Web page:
Tips for Buying a Leather Jacket
Oct 28, 2010
I love the look of a leather jacket. It looks fabulous with pants for the office, or over a ball gown for a formal event. But most Hill Staffers can’t afford the $500+ cost of a real leather jacket.
I know it’s an investment piece, but sometimes, you just don’t have the money to make the investment.
When buying a less expensive leather jacket you need to consider four things: length, feel, shine and hardware. Because nothing is worse than an inexpensive leather jacket, that looks like a cheap leather jacket.
Length. One sign of a cheap leather jacket is length. Less expensive jackets are often cut short to save money. The jacket above is $150 and looks it because it’s barely waist length.
A good quality leather jacket should hit at mid hip. A bomber jacket can be a little shorter, but if the jacket is barely covering your navel, it’s too short.
Feel. Another sign of cheap leather is the feel. Even an inexpensive jacket should feel soft, not plasticky, scratchy or stiff. So before you buy a jacket make sure that the piece and the cuffs, plackets, and collar feel soft to the touch.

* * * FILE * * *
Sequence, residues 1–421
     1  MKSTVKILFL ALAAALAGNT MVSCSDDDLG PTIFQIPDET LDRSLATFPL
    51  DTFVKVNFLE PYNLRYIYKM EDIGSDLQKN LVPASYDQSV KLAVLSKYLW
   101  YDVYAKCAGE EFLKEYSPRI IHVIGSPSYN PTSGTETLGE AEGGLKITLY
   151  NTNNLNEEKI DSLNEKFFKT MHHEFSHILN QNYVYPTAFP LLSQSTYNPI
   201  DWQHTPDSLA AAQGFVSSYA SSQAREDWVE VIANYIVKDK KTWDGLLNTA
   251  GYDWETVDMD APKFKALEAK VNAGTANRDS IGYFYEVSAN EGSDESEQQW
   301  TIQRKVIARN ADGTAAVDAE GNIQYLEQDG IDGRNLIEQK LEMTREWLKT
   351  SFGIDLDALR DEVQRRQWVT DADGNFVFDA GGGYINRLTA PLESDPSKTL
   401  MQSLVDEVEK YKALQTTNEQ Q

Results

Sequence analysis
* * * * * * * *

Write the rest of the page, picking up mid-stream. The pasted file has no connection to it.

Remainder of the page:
Shine. While most leather jackets have a bit of a sheen to them, they should not reflect light. Many less expensive leather jackets have an otherworldly glow to them that just magnifies their cheapness. So it’s best to stick to something matte.
Hardware. Like an inexpensive handbag, nothing gives away a bargain leather jacket like cheap hardware. Poor quality zippers, buttons, snaps, etc. expose the jacket’s true origins like little else can. And if you get a cheap zipper that breaks or a button that snaps off, then you’re really in trouble.
Should you find a jacket that you love, you can have the hardware replaced with some better quality adornments if you want. But since this can be costly, you better really love that jacket.